New Delhi, May 4 (IANS) IT trade body Nasscom on Wednesday said the ban on diesel taxis in Delhi-NCR has brought the Business Process Management (BPM) industry to a standstill, and urged the government for an interim relief.
“With 38 percent women employees in our industry, their safety has always been a big concern to us. We are mandated to provide transportation for home drop to employees working after 8 p.m. Taxis play a major role in ensuring this. In the absence of any reliable public transport, complying with this statutory guideline is impossible,” said Nasscom vice chairman Raman Roy in a statement.
According to Nasscom, the BPM industry employs nearly one million people directly and indirectly in Delhi-NCR, majority of them working in night shifts on important projects for global clients.
“We need immediate relief as this involves the delivery of critical operations to clients outside India. We hope that the judiciary appreciates our predicament and resolves it by delaying the implementation,” said Nasscom BPM council chairman Keshav Murugesh.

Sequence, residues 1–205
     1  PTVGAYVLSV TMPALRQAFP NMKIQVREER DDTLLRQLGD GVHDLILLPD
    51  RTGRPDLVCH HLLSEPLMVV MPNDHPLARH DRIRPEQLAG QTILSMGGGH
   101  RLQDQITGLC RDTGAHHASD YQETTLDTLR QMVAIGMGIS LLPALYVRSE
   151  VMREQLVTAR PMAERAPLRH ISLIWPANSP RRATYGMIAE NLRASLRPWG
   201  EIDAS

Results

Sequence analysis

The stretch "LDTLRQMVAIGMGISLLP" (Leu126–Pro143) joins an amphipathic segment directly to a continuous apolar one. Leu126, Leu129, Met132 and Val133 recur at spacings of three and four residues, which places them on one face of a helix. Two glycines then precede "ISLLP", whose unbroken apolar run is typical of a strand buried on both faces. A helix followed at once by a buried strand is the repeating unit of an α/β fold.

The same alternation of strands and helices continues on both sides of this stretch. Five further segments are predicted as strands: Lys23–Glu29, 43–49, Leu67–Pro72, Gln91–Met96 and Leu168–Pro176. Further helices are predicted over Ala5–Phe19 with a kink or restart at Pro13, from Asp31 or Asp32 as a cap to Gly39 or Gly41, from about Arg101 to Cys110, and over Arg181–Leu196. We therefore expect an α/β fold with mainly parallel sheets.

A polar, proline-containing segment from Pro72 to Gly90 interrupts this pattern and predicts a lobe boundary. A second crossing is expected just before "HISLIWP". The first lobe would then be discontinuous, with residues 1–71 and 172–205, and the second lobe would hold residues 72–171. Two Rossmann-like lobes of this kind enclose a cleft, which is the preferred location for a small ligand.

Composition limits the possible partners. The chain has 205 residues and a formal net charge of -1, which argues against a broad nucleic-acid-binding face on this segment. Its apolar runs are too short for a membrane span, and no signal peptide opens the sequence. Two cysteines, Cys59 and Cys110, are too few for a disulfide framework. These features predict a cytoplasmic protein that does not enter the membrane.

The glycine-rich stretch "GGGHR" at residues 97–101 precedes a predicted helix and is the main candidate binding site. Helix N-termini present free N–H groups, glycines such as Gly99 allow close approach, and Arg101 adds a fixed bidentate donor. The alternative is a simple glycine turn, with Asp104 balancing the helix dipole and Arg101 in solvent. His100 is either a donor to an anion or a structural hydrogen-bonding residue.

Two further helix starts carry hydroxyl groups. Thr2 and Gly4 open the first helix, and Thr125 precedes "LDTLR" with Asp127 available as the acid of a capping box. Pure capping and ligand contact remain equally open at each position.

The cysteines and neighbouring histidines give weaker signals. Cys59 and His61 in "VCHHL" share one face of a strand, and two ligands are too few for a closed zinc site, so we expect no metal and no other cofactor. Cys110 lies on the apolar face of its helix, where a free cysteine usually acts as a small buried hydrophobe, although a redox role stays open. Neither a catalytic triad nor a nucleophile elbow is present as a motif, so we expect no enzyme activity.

The trade body said the ban on diesel taxis has resulted in several vehicles, in which BPM employees travel to work, being pulled over, harassed, fined, and delayed in the last two days, hugely impacting productivity of the industry and breaking business continuity.
Nasscom appealed to the government and the Supreme Court to defer the timeline for the movement from diesel vehicles to CNG vehicles or phased implementation, exemption to BPM employees travelling to work and specify the permit needed by IT/BPM industry cabs.
It urged the government to fast-track the availability of CNG infrastructure to adhere to the Supreme Court order.
“If the appropriate infrastructure like enough CNG stations and good supply of factory-fitted CNG vehicles is made available, we can switch expeditiously,” said Genpact senior vice president Vidya Srinivasan in the statement.
“Many companies are viewing this (diesel taxi ban) as a death knell for the BPM industry given practical challenges like long waiting at CNG Stations, limited vehicles, no technology to convert diesel to CNG, insurance and warranty of retrofitted vehicles etc. Companies wish to comply but where are the cabs,” the statement added.